If you are scared of colour, this probably goes without saying, but just pick one colour and roll that throughout. It doesn’t even need to be anything crazy. My place was designed and decorated with the idea in mind that if I didn’t paint the walls SLATE 3, I will probably scare off any potential buyers. Let’s be honest, the line “we can always repaint” is a fib we all tell ourselves, but never actually do. The solution: Farrow & Ball Studio Green doors.
It’s not exactly one of the colours of the rainbow, but it gives a good punch of colour in every room, but allows the rest of the space to be quite restrained.
6- Living on the edge.
Sticking with doors, this next concept should ideally be carried out in addition to my previous point. A second layer of interest so to speak. I’m not a fan of this term a “pop of colour” but this next one is really the ultimate pop of colour. Also, it’s hella subtle, which give the impression that you’re a sneaky design aficionado rather than a colour novice.
Paint a fun colour on the leading edges of your doors.
What’s a leading edge? Basically, these are the side profiles of a door. The thin bits that get hidden by the door frame when the door is closed. You will really only see this detail when the door is open, but it’s a great way to inject a sliver of colour somewhere.
I’ve mainly used this detail when the doors themselves are painted a dark colour (It adds to the contrast factor) so I wouldn’t I suggest using this as an “OR” option for those not keen to paint a door to start with. This is a great option for kid’s rooms or a guest loo where you want to differentiate one door from the next.
“The guest loo? Oh, it’s the one with the lime edging babe”
Pinterest | Turner Pocock | Abby Cook
7- No man is an island
When it comes to your kitchen, you may regard the idea of painting your units a statement colour as a decision reserved for the brave. I get it. Fashionable colours change like the seasons and you might not want a green kitchen forever, nor do you necessarily want to stare at a green wall of cupboards every day.
A good middle ground? Paint only your island a colour, whilst keeping the rest of the joinery something more subtle. You would be amazed at how little of your island you actually see when you are in the kitchen itself. You tend to look down on your island, rather encounter it at eye level, so you see more of your worktops than you do the actual cabinetry.
If ever there was a piece of joinery worth slapping a colour on, that didn’t over power the rest of a neutral scheme, it would be the island.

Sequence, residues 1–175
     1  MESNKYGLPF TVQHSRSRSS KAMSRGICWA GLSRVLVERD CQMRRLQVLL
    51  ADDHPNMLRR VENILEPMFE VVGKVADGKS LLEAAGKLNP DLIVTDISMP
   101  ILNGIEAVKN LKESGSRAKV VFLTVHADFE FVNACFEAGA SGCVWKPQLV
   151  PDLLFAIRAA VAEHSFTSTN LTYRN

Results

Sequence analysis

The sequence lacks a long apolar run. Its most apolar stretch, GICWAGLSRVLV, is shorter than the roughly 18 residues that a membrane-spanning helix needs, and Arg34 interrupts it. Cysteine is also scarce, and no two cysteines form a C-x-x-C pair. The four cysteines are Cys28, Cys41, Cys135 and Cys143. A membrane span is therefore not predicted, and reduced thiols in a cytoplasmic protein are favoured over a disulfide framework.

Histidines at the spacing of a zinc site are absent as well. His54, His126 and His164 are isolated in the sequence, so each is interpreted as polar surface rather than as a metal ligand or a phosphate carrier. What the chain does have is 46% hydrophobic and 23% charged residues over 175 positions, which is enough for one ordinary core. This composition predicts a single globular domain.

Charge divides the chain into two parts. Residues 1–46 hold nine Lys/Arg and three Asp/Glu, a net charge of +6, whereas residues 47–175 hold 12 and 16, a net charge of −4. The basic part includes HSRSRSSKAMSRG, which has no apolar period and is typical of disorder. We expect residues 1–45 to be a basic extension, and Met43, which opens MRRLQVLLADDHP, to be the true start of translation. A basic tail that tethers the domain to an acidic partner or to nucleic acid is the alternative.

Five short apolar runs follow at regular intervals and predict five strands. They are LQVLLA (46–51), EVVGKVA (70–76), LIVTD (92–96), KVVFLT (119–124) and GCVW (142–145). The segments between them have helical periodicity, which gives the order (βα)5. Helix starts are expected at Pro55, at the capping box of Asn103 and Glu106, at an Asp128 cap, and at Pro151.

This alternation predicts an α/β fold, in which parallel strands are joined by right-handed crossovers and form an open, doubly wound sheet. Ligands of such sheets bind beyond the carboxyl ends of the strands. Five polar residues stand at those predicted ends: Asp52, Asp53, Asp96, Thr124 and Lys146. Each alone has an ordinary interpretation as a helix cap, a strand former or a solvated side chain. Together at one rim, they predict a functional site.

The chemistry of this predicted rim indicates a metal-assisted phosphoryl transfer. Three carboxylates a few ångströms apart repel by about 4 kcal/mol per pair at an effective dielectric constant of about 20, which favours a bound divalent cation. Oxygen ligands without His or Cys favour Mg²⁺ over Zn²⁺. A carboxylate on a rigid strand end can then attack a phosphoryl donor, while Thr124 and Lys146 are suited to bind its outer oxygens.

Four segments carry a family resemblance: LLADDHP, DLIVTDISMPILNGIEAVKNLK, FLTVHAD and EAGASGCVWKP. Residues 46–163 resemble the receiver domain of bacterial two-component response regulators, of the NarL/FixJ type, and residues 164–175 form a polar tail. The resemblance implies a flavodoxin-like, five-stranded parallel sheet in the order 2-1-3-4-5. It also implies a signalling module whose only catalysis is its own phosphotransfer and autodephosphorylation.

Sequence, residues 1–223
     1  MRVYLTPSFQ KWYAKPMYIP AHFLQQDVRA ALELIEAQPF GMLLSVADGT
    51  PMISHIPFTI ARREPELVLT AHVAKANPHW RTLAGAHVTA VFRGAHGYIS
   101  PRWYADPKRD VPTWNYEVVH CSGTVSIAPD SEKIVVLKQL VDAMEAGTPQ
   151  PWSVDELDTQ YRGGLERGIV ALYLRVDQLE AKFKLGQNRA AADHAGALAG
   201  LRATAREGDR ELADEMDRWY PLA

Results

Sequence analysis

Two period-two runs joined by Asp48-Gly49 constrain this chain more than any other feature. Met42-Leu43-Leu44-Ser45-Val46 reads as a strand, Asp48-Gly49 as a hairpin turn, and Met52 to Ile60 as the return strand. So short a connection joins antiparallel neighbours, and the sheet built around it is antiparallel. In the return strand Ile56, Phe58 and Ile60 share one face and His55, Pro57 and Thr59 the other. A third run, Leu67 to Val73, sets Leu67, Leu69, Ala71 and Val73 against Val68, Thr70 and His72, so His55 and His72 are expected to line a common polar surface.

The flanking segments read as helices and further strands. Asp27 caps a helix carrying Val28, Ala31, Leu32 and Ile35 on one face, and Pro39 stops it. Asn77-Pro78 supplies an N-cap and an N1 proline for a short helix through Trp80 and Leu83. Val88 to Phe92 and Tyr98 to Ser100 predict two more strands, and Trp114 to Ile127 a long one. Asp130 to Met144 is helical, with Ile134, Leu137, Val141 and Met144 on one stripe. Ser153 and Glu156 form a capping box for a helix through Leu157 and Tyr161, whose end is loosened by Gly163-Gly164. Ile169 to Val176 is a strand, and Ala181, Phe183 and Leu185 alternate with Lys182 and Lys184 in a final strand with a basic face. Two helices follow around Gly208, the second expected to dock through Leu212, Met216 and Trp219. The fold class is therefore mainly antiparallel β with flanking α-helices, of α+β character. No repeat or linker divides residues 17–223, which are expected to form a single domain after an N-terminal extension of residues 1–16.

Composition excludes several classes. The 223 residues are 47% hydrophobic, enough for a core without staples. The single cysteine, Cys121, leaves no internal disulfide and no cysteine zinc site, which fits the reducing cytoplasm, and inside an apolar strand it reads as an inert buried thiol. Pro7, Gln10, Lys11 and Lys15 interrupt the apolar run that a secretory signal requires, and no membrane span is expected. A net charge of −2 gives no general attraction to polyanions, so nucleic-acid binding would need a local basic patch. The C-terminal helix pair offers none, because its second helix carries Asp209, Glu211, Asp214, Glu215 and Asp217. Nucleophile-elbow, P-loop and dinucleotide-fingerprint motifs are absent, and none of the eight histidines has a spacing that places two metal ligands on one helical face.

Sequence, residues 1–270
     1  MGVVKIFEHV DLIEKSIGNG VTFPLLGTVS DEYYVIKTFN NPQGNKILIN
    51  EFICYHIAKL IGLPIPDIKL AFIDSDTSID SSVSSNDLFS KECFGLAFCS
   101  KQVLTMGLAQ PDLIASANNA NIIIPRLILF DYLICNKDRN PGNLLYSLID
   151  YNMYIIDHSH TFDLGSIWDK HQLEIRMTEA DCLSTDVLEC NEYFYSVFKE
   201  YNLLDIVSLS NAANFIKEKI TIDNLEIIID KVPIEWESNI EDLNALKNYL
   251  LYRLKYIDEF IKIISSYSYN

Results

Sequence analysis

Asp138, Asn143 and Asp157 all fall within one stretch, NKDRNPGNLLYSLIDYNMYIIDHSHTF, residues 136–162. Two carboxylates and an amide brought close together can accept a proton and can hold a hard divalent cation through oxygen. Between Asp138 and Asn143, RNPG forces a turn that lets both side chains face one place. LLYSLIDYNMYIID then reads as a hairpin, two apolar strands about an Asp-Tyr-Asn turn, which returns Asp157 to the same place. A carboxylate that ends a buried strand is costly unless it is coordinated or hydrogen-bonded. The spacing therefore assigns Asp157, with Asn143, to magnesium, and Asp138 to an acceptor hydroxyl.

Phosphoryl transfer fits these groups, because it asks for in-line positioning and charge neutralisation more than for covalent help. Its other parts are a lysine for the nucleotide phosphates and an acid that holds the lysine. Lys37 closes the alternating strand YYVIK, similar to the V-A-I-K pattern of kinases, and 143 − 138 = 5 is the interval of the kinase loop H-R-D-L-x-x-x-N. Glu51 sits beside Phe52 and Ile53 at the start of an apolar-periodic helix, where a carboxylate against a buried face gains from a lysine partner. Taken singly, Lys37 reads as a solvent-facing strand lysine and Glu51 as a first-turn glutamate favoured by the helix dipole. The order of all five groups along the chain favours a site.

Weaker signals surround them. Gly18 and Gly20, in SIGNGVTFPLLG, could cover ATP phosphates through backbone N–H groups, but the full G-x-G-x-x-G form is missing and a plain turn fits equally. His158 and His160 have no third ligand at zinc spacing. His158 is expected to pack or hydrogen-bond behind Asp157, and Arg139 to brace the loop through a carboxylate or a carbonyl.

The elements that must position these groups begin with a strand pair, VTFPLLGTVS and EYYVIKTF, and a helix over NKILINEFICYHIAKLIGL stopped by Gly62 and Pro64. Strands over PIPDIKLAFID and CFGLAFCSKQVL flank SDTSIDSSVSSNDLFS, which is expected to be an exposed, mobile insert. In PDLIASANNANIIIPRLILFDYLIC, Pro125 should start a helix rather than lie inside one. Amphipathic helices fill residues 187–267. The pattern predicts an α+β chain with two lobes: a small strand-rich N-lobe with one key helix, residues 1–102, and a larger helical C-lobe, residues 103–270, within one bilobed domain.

It’s up to you to decide what that colour ultimately is, but I would say that going darker or bolder on the island than the rest of the kitchen units is generally a fail-safe.
8- Repeat yourself. Repeat yourself
Repetition is key in any decision you decide to make in your home. Regardless how small. 90% of the time I would say that if a detail or a concept is repeated enough times it reads as a purposeful rather than a mistake.
Don’t get me wrong, you can make a bad call 20 times and the result will definitely be hideous, but when it comes to introducing colour in bite size chunks, repeating just a small amount, multiple times, give the impression that you have what it takes without having to paint all four walls.
Take your kitchen stools for example. If all of these were to be in the same bright colour, lined up in a row, this would read as a considered colour statement. A statement that is a lot easier to digest than a bright red kitchen.
The same principle could be applied to a row of picture frames down a hallway. A repetitive snippet of colour sometimes says more than a scheme full of colour and pattern.
Remodelista | Turner Pocock | Rypen
A lot of what I have mentioned above relates to painted or hard finishes as a way of adding in that perfect pinch of colour, rather than the ideas in the previous blog post, which was all about the fabrics and patterns. Obviously it doesn’t need to be either/or with fabrics. Picking a single bold colour fabric for a room, and keeping all the rest quite plain or neutral, does not equate to a half arsed scheme. You don't need loads of colour to make a splash. You just need to be well considered.
If you are nervous of colour or aren't even sure how to evenly distribute colour around a room, let alone a whole house, picking just one item of furniture per room as your colour show-pony is the best way to go. It does mean that you have to be quite restrained thereafter to make sure you aren't diluting its impact in the room, but sometimes just one big loud pop of colour can give the room all the wow factor you need.
Pieces of furniture like headboards, side tables, or occasional chairs are great examples of opportunities where you can make a single bold colour choice, but build in neutrals around that.
Studio Duggan | Nicolas Schuybroek | Buchanan Studio